Better Ways to Frame a Deck
Smart details for ledgers, posts, and joists create a solid, attractive frame that should last as long as the house.
Synopsis: A good deck should be safe, attractive, and as long-lasting as the house it’s hanging from. John Spier has worked in Rhode Island’s coastal environment for 20 years, and in this article, he shares his strategy for erecting the posts and joists for a deck. Anchoring and flashing the ledger board are key details explained in drawings and photos. Also highlighted are some specialized tools that speed the process, such as a pneumatic impact wrench.
The wood frame of a deck leads a hard life. Without the protection of roof or walls, a deck frame is completely exposed to the weather. Though subjected to heavy loads, a wood deck is supported by just a few posts or piers instead of a solid foundation. And it’s a rare homeowner who gives a second thought to maintaining a deck once it has been built. In spite of all this, a deck is expected to be safe and attractive, and to last as long as the house that it’s hanging from.
These goals aren’t unreasonable if you pay attention to the details and materials that I explain in this article. Although the deck featured here is framed against a new addition, these details work equally well when a new deck is added to an existing house.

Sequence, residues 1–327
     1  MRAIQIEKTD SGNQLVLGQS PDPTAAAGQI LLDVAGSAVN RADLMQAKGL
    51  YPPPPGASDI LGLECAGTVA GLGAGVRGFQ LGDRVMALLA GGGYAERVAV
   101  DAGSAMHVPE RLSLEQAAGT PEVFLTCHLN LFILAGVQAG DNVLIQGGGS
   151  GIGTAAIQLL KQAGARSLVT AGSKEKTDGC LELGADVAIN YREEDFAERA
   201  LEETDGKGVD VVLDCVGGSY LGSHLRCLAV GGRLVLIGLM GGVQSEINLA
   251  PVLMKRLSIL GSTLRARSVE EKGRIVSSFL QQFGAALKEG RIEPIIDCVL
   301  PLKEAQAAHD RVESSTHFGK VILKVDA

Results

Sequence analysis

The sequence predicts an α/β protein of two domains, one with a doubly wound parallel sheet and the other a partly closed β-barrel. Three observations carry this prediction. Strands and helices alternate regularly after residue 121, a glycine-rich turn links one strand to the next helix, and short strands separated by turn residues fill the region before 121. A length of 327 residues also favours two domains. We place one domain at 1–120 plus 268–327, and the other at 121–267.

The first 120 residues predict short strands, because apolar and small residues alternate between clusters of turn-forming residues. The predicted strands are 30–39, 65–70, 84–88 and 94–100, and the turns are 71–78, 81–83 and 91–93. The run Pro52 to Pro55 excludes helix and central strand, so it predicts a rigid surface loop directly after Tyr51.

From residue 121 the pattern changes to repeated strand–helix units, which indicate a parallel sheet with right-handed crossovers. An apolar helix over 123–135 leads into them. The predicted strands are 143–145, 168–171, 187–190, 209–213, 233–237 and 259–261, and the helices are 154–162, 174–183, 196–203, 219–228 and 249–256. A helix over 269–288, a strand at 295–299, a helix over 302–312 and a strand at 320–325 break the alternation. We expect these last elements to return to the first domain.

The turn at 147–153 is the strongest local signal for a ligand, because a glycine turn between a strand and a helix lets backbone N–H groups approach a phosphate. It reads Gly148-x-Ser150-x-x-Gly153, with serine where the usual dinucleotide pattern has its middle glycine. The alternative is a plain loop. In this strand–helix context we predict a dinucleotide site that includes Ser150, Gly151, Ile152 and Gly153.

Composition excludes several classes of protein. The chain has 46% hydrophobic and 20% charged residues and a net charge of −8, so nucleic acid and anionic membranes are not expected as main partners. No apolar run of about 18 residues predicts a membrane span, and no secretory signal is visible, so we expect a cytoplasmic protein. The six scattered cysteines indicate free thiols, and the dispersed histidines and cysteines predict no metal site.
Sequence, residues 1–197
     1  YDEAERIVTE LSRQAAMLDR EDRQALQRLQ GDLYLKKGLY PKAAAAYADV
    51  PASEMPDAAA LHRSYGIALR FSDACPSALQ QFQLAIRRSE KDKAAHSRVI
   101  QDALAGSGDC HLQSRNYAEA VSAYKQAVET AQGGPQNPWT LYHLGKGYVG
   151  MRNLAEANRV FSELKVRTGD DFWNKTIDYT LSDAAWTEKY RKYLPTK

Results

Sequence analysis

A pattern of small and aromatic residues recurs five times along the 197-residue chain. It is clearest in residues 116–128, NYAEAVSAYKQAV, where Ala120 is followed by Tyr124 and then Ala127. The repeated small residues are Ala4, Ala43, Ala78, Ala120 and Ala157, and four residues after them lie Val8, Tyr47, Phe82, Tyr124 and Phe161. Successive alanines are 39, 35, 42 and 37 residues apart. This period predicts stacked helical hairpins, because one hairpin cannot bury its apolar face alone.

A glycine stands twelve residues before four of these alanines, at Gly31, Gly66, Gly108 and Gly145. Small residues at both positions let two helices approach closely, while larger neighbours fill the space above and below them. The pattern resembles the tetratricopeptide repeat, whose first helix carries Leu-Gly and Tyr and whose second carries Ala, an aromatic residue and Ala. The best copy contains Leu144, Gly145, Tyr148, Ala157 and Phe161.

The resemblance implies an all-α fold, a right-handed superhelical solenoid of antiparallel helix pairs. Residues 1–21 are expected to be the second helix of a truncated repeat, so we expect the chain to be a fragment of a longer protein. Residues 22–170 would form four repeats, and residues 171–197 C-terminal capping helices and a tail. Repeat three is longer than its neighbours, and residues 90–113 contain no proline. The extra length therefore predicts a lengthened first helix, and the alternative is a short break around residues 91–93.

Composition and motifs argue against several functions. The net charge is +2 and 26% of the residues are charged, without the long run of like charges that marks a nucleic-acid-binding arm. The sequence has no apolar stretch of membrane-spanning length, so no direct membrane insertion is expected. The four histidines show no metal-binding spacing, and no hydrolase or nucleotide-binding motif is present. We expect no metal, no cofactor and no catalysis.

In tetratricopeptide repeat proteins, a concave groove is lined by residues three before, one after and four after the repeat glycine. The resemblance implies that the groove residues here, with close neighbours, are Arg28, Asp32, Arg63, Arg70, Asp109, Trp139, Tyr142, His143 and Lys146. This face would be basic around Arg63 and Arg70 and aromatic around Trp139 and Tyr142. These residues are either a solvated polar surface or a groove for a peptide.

Off to a good start
I’ve been building houses on Block Island, R.I., for almost 20 years, and unless otherwise requested, I frame decks with pressure-treated lumber, which stands up well to the rigors of weather. I use straight material free of major defects. For fasteners, I prefer hot-dipped galvanized nails driven by hand. The deck ledgers attach with galvanized bolts and lags. I use gun-driven nails only to tack framing in place until permanent fasteners are installed, such as when nailing…